Thursday, February 18, 2016

These Are The Good Old Days, Aren't They?

When teenagers stress, it's tempting to pooh-pooh the whole thing. How often have I found myself dismissing a complaint with some condescending parental retort? Answer: a lot.

"Oh, you think you're tired? Try being in my shoes." This is typically followed by a litany of middle-aged woes. (Don't worry, I'll spare you.) Somehow, we assume that because these younger people have a free place to live (not to mention, smartphones and North Face jackets, and in our case, an actual horse), they have no worries.

I've changed my tune lately. As high school draws to a close, I wonder how my daughter and her classmates will look back on it. Will they cherish the hours spent studying for AP tests, filling out the common app, or trying to secure enough community service hours (doing something, let's face it, that they probably don't give a shit about)? 

There seems to be a lot less fun than there should be.

These days, anyone who assumes teenagers have time on their hands and nothing on their minds is just plain wrong. They are under tremendous pressure to take the right classes, get the right grades, apply to the right colleges. And, that 's just academics.

Here are some things teens worry about:

1. Their peers

Mean girls are nothing new (there were mean girls even back in the dark ages, when I went to high school). But, digital media adds a new element and a whole new dimension of meanness. If you were unpopular or bullied back in the 1970s, you could leave it at school. Go home, shut your door, put on Elton John's "Good-bye Yellow Brick Road." These days, your troubles follow you home, compliments of group texts, Instagrams and Tumblr. And, even if you're not a victim of bullying, per se, social media can make you miserable. Remember when you couldn't go to the amusement park because you had to work? Well, apparently all your friends went without you — and they're having a wonderful time.

2. Sex
Like everything else, sex is more complicated than it used to be. There are entirely new concepts around which today's teens have to navigate. Like "sexting," "friends with benefits," "virginity pledges," and every parent's worst nightmare: Tinder. Some kids move too quickly, while others seem paralyzed. (Some parents buy their daughter a horse and with it the knowledge that she's at the stable all day every day with nary a randy teen boy in sight.)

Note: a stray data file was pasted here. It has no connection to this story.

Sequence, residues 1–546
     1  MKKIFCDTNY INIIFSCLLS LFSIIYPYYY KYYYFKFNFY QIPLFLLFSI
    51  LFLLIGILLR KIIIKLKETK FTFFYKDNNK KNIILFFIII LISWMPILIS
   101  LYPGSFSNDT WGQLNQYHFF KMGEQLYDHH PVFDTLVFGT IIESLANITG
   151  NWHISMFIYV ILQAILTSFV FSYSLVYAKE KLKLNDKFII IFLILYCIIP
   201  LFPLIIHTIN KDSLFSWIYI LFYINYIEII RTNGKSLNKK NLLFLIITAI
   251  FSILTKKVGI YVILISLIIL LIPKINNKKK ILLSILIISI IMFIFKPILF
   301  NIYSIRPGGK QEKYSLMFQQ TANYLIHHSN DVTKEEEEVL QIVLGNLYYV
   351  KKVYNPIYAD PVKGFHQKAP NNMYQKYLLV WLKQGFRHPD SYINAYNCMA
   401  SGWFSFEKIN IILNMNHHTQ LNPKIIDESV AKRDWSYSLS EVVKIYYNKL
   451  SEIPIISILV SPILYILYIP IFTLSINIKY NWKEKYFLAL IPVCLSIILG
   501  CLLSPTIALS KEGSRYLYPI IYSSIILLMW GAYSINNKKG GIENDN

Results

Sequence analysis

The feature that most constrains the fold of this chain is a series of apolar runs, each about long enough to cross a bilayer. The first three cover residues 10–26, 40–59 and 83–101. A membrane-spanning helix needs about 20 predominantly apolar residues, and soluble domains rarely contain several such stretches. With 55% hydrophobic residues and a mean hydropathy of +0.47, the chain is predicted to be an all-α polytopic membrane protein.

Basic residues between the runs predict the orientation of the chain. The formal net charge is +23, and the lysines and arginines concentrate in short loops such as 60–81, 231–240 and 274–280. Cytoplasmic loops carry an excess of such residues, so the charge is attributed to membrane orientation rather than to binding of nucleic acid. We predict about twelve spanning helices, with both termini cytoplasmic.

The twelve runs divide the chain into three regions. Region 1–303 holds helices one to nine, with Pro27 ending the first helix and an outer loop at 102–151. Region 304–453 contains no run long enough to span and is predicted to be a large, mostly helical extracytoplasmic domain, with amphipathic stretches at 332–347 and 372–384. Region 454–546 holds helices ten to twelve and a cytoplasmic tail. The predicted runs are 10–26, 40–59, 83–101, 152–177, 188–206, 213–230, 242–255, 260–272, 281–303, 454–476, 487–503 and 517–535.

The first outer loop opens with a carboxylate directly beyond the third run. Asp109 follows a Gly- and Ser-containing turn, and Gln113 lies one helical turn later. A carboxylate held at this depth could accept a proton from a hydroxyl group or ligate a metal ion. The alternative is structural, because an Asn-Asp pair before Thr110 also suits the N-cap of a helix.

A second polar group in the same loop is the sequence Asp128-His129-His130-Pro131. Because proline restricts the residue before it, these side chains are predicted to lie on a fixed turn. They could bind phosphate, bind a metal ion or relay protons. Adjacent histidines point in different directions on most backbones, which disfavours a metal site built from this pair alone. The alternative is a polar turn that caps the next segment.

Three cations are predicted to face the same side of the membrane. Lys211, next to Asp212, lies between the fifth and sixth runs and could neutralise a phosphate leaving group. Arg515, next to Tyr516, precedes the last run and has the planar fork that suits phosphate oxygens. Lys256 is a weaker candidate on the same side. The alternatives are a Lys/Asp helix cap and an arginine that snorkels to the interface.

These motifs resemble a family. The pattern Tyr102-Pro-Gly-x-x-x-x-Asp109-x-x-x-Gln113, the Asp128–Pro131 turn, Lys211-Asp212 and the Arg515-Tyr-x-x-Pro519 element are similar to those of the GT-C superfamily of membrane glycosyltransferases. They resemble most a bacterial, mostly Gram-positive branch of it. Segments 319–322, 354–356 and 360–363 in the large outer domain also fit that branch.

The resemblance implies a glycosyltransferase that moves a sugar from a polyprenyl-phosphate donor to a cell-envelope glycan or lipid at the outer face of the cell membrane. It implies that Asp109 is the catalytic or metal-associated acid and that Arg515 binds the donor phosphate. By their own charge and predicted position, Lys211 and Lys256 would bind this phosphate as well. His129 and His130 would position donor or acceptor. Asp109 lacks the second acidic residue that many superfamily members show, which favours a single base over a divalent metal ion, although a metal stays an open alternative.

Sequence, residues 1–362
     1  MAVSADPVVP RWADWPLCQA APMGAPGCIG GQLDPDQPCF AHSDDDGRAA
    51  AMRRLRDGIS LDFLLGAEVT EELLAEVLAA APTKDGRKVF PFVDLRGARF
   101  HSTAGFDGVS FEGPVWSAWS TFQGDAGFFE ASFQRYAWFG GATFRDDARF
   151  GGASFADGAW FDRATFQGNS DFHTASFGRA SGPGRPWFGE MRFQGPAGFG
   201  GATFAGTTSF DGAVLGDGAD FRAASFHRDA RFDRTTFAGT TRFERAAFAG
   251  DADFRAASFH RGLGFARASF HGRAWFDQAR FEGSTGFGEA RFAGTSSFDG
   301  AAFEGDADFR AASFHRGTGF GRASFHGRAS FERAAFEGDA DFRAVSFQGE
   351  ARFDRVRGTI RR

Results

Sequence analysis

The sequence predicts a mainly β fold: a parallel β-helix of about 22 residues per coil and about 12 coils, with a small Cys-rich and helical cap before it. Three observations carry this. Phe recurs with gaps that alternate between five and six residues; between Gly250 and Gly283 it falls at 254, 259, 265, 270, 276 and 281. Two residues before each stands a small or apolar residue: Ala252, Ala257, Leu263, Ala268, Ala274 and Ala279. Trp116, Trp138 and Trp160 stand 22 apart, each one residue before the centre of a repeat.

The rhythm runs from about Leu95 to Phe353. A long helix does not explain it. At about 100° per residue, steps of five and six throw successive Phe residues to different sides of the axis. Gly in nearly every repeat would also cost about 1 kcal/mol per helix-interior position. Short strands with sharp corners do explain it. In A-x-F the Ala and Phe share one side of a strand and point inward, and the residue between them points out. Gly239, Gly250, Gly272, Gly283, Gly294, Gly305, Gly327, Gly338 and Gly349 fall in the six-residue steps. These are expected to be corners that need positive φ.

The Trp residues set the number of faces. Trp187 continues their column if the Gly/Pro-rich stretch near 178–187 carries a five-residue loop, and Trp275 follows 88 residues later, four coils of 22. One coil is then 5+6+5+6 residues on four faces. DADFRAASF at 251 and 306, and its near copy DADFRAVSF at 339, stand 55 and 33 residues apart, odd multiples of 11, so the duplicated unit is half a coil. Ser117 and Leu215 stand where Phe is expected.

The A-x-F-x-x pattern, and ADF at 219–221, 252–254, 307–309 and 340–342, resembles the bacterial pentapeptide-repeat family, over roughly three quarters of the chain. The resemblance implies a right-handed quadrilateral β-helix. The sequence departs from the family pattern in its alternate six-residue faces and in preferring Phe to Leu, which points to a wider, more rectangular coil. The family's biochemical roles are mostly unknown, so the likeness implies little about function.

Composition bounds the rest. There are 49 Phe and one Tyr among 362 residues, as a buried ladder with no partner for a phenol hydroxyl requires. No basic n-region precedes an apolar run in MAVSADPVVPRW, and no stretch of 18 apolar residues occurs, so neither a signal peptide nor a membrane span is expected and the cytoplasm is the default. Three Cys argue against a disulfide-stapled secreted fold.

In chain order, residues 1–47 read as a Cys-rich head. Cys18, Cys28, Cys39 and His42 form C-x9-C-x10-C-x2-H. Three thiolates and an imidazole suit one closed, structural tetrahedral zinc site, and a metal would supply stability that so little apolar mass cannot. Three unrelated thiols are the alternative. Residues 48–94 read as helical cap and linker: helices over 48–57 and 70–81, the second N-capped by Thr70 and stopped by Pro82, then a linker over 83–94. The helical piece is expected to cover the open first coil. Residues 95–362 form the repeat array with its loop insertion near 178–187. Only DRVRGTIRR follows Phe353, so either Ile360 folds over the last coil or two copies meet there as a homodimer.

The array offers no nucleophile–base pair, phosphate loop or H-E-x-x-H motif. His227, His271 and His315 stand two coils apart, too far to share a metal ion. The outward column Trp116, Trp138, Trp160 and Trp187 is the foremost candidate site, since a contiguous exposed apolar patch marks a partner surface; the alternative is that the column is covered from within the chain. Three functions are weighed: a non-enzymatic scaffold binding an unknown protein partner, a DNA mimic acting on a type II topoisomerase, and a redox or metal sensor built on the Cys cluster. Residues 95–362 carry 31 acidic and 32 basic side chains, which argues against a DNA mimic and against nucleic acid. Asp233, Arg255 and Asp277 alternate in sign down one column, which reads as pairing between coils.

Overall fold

3. Drugs and booze and cigarettes and, and, and ...
Whether they're experimenting themselves or watching their friends, traditional teenage bad behavior causes a lot of stress. In addition to illicit substances, more and more teens are using prescription meds — they're cheap and easy to come by. In fact, too many teens abuse drugs they've been prescribed themselves, for anxiety, depression, ADHD, and sports injuries.
4. School
I talked about it above, but I can't underscore it enough. Today's teens have too much homework. Summers, vacation weeks, it doesn't matter. In our quest to raise the quality of education, we are ignoring the value of down-time. The kids are burned out. This week is February break and since we returned home Sunday, my daughter has been studying AP Bio pretty much non-stop. And, the weekend itself was a college visit, so there was inherent stress there as well. 

Which leads me to ...

5. The future 
At a different, also recent, college visit, an academic dean told us that she encourages freshmen not to declare a major right away. This was refreshing, but met with skepticism by most of the parents assembled. There is tremendous pressure for students to already know their major, their post-graduate plans, their career path. They need to be focused and driven. And countless articles analyzing the R.O.I. (that's return-on-investment) of various institutions really doesn't help. What about going to college and trying something new? Or learning about yourself? Or falling in love? 

It's difficult to measure the R.O.I. of these things. But, they are just as important. And, I can't help wondering, what happens when this generation of ├╝ber-focused, ultra-motivated young people suddenly realizes that their youth was hijacked? And, botox aside, they ain't getting it back. 

I'm reminded of an anecdote that's often attributed to John Lennon. "When I went to school, they asked me what I wanted to be when I grew up. I wrote down 'happy.' They told me I didn’t understand the assignment and I told them they didn’t understand life."

If you've enjoyed this post, I invite you to order the book Lovin' the Alien here.  

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